The Step-up Transformer increases the generator voltage from 22,000 Volts or22KV (Kilo-volts) to the transmission voltage of 500KV in this example. Thetransmission voltage varies from utility to utility and from plant to plant and isreally a function of the transmission design that already exists (i.e. if a plant isbuilt near an existing transmission line of a certain voltage, typically that will bethe voltage chosen for the step-up transformer).
The Unit Auxiliary Transformer is the power transformer that provides power tothe station’s auxiliaries during normal operation. This transformer is connecteddirectly to the Main Generator and as such will provide the cheapest power forthe station use since any power from the transmission lines has lossesassociated with it due to the line losses and transformer losses from whateverstep-up transformer provided that power. This Unit Auxiliary Transformer (UAT)is a three winding transformer having one primary winding rated 22KV and two
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secondary windings rated 6.9KV and 4.2KV. This allows the transformer topower two different voltage level buses in the plant.
The UAT’s secondary windings are connected to the Non-segregated Phase BusDuct or (Non-seg Bus). This bus work conveys the power to the different
medium voltage switchgears located in the plant. In this plant design there aretwo sets of switchgear buses rated at 6.9KV and 4160V. Each 6.9KV bus(shown in black) can be energized from the Unit Auxiliary Transformer. Thesame is true for the 4160V switchgear.
There is another transformer shown in the drawing. The Start-up Transformer isenergized from an incoming transmission line rated at 230KV. This transformeris also a three winding transformer and can feed all four of the switchgearlineups. This transformer is used to power the plant equipment while starting theunit up from cold conditions (i.e. no fire in the boiler).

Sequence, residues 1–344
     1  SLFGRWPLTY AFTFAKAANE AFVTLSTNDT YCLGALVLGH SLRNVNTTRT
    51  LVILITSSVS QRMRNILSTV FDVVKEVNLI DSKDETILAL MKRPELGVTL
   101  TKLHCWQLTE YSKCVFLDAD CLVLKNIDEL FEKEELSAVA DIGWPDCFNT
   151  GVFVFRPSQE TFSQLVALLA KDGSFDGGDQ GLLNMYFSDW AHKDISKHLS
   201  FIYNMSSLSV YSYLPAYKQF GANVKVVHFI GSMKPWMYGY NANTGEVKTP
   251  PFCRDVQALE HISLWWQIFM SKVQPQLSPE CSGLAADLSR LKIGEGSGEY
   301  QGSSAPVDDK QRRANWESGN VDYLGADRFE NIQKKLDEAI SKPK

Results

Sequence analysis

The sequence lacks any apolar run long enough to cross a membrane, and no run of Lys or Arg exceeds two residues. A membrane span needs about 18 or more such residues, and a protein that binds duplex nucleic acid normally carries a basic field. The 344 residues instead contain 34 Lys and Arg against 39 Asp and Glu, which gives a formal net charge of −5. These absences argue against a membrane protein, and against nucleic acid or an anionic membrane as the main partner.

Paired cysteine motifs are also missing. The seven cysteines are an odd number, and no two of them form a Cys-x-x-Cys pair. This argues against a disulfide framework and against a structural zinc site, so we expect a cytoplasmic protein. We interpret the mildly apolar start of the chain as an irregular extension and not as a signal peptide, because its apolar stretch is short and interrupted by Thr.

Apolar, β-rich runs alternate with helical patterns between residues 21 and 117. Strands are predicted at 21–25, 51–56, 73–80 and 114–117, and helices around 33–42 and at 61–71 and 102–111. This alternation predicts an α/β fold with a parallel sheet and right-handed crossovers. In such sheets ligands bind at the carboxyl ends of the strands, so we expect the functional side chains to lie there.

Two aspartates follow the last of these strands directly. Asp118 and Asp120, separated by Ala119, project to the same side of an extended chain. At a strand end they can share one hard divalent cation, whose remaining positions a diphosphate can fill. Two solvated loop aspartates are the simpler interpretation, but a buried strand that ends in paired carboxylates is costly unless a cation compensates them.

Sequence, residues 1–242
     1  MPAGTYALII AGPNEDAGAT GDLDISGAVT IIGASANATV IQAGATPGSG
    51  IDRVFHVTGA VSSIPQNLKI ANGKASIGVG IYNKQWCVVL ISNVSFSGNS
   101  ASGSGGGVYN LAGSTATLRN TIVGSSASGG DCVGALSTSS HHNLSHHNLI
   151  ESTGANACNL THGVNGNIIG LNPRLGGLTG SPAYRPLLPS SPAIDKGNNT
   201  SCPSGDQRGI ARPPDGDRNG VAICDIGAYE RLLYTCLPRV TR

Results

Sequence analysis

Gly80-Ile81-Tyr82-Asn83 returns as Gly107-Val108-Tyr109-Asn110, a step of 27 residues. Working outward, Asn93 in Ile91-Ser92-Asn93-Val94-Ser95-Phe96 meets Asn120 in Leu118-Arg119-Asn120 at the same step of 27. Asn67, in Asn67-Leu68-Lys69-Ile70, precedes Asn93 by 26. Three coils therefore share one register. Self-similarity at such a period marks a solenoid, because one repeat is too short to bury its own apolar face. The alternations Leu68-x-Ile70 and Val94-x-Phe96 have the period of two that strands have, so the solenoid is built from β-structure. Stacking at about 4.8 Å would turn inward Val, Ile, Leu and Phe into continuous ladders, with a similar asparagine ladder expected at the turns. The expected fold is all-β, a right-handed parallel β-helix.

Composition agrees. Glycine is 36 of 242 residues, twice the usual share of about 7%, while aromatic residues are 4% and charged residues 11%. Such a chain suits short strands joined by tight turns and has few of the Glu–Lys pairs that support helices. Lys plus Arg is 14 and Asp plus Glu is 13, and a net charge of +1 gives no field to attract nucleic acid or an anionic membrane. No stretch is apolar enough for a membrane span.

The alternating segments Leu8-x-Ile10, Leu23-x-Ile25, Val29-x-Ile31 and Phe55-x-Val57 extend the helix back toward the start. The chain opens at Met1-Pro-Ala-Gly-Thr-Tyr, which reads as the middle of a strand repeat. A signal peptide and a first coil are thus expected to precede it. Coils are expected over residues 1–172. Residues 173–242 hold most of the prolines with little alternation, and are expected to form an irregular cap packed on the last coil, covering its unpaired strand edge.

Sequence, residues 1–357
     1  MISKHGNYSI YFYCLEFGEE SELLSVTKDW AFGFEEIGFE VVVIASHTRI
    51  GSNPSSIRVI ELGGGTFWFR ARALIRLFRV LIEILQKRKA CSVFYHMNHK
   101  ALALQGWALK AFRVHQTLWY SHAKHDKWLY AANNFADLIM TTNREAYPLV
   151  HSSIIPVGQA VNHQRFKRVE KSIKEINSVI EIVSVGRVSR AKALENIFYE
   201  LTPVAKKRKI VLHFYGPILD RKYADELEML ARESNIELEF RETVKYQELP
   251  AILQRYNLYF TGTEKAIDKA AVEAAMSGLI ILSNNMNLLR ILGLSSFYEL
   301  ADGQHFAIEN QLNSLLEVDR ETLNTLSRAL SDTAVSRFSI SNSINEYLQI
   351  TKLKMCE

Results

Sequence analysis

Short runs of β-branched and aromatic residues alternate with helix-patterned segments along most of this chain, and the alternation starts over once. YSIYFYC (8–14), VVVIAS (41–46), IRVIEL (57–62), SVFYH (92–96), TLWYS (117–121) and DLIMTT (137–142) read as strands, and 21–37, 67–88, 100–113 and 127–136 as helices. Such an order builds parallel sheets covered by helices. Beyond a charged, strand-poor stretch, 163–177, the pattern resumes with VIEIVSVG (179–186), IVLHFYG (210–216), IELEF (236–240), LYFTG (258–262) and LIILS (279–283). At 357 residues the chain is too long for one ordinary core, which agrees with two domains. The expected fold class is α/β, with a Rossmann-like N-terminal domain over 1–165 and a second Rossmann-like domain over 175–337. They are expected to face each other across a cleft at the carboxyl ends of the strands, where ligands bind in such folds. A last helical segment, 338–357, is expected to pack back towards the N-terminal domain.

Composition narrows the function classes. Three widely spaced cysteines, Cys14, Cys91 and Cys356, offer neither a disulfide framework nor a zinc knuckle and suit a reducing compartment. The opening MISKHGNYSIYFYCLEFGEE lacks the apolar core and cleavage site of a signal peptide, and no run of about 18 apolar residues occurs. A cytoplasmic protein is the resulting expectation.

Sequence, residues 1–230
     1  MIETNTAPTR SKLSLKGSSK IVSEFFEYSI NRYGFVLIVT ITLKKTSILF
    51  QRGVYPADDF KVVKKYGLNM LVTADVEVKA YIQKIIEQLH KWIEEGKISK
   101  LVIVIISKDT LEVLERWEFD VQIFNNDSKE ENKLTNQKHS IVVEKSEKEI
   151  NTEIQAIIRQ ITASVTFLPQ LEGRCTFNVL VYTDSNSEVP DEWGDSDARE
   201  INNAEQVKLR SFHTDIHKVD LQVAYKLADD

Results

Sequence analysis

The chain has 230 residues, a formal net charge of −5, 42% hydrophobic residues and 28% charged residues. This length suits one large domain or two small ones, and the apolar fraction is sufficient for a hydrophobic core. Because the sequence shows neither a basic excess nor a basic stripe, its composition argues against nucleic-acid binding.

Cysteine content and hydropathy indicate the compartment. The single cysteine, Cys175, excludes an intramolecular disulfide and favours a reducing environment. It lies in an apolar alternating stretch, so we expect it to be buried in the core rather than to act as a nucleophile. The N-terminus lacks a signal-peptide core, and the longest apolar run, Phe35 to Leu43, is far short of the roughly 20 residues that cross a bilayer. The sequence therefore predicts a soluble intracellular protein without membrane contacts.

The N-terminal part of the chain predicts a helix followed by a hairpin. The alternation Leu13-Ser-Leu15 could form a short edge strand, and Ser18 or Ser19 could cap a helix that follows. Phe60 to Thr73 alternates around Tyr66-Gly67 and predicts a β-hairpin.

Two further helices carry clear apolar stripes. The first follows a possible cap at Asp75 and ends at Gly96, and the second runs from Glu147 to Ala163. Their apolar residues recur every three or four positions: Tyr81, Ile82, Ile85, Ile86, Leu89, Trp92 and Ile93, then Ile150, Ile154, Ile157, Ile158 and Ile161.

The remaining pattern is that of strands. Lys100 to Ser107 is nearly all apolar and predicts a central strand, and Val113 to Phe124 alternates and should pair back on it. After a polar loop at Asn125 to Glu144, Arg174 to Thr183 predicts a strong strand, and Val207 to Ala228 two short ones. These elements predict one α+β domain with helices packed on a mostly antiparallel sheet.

All plants utilize a numbering scheme for their switchgear and circuit breakers.The scheme utilized here is as follows: The first digit of the number refers to thevoltage level of the bus. A 1 is for 6.9KV, a 2 is for 4160V, and a 3 is for 480V.The second character of the numbering scheme is a letter, either A or B andstands for which bus you are connected to, of the two buses at that voltage. Abreaker with the characters 2B would be on the B bus of the 4160V switchgear.The next character in the designator is simply the breaker number. Notice thatsimilar functioning breakers are usually assigned the same breaker numbers.Breaker 1A-1 and 1B-1 are both the incoming supply breakers from the Unit AuxTransformer and Breakers 1A-2 and 1B-2 are the incoming supply breakers fromthe Startup Transformer.
The remainder of the one-line diagram reflects the low voltage system which isoperated at 480V. This system is supplied by breakers from the 4160V bus andthe voltage is stepped down to 480V by the 4160V/480V transformers shown onthe drawing as SUS Transformer (Secondary Unit Substation).
The electrical distribution system shown on the one-line diagram is typical formost plants for the configuration as shown. The number of switchgear buses willvary along with the voltages. The reasons for this will become more clear as thetext continues with the detailed system descriptions.
1. Main Generator
The generator produces the electrical power the utility is in business toproduce and sell. The three primary components of the generator are therotor, exciter, and stator.
Rotor: The rotor on the main generator is composed of a steel shaft towhich a field winding has been added. This shaft connects to the mainturbine shaft and rotates at the same rotational speed as the turbine. Thefield winding is located in slots machined into the rotor. When DC currentis passed through the field windings, the rotor forms an electromagnet with